The Golden Cuboid (Diagram H) is the best "rectangular" shape for a listening room. If, however, you have full architectural freedom, a Golden Trapagon (Diagram I) is by far the favored shape. A Golden Trapagon has a Golden rectangle for the front wall behind the speakers, and the room progresses to a larger (by Golden Ratio in area) Golden rectangle back wall behind the listener.
For example, if the wall behind the speakers is 10 feet x 16 feet, the room would then be 26 feet long and the wall behind the listener would be 13 feet x 21 feet. Ideally, the rear portion of this room would vent into an attic space filled with fiberglass insulation.
The trick to a Golden Trapagon shaped room is it eliminates the problem of parallel walls and the slap and sharp nodes associated with them. The "sound" of this room is a decaying hologram of the original, not a slap. This decay is exponential, or higher, at all frequencies. The relationship between the height and the width of the room, at any point, is Golden Ratio. The cross-section area at the rear of the room is 1.618 times the cross-section of the front. In the example above, the ceiling height would be 12.72 feet.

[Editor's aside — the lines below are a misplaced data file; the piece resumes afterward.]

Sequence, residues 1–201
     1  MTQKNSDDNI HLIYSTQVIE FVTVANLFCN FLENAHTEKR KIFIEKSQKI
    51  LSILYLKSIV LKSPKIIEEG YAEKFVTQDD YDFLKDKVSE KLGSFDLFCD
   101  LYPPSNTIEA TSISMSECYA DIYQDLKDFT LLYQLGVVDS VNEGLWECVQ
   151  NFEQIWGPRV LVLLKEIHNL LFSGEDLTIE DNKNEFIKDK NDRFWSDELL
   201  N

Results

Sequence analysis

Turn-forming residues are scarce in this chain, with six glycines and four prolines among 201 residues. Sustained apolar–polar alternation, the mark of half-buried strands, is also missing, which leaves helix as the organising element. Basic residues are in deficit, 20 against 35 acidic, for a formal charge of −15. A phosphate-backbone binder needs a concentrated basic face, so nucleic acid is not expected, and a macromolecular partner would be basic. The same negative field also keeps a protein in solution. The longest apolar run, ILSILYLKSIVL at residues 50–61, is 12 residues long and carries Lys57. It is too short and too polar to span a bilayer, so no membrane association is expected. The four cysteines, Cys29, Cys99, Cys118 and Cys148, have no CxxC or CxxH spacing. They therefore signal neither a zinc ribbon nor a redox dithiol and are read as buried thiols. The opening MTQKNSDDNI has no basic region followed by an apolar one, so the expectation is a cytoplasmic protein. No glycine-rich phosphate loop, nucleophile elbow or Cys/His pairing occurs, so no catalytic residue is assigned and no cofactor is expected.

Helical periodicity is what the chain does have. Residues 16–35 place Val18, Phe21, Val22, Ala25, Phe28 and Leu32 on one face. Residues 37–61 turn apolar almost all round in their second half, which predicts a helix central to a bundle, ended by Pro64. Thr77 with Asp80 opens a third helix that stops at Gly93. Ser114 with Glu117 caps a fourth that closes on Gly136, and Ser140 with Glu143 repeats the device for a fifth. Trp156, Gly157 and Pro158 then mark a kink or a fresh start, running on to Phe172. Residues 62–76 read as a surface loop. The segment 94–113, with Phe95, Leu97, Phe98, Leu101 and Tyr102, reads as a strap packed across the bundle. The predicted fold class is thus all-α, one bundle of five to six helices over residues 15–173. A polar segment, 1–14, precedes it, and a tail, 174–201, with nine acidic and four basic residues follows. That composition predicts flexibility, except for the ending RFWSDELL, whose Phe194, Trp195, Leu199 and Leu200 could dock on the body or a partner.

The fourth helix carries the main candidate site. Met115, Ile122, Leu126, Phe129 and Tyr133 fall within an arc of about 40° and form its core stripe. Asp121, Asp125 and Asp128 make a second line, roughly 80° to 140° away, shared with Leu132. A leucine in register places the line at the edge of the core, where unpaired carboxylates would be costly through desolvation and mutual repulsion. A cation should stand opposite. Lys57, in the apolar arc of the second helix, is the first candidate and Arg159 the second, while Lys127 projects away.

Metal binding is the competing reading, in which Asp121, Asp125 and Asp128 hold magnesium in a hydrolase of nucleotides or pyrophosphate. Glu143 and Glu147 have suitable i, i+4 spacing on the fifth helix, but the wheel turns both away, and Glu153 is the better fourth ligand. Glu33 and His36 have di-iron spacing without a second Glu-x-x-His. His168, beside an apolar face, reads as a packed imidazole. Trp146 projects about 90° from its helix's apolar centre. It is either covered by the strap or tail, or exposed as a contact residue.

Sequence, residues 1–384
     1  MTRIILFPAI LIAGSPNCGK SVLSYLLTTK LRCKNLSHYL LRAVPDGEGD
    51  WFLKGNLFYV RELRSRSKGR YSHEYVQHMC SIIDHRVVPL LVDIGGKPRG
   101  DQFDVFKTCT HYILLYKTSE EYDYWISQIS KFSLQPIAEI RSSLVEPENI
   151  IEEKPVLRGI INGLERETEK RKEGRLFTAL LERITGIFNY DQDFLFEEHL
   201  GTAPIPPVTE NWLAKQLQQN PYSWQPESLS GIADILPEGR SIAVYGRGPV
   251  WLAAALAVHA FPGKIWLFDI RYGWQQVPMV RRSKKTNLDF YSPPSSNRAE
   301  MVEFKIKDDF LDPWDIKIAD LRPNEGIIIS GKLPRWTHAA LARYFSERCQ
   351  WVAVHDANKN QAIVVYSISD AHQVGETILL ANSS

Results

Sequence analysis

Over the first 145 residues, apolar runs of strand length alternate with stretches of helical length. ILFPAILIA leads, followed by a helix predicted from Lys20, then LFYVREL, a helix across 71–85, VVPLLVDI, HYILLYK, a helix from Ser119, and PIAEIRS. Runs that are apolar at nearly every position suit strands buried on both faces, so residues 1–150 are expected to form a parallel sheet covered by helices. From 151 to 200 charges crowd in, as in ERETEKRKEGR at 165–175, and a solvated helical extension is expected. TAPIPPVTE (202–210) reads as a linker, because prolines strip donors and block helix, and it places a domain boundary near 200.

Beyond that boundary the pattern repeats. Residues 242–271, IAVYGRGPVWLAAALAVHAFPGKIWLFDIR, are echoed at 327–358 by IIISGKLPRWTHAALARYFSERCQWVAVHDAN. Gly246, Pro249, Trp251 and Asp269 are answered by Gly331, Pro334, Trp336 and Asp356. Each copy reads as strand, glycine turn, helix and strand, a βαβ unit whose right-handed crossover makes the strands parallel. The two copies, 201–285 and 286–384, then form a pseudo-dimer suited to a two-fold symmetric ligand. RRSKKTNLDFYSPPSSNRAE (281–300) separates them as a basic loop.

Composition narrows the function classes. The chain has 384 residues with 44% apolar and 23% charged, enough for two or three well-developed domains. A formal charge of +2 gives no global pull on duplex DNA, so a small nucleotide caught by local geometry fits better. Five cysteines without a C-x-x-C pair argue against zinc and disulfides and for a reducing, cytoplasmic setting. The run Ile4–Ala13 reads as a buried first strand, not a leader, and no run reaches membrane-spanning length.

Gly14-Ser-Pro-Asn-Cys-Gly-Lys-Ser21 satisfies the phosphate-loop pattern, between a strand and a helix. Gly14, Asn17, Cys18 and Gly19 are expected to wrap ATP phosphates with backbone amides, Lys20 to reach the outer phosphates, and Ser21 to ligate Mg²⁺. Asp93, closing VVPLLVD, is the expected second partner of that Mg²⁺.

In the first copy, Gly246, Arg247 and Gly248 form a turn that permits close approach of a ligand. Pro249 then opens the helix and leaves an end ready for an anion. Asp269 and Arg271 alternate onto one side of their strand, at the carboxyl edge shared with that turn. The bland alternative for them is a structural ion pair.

The ratio of front height or width, to rear height or width, is 1.272 to 1. 1.272 is the square root of 1.618 or Golden Ratio. The progression of size at the ends of the room is a area relationship. The sound confronts the entire surface of the end walls at the same time, rather than progressively as with height and width. It is like tuning a guitar to a major chord, the side walls become the strings and the end walls are the bridge and tailpiece.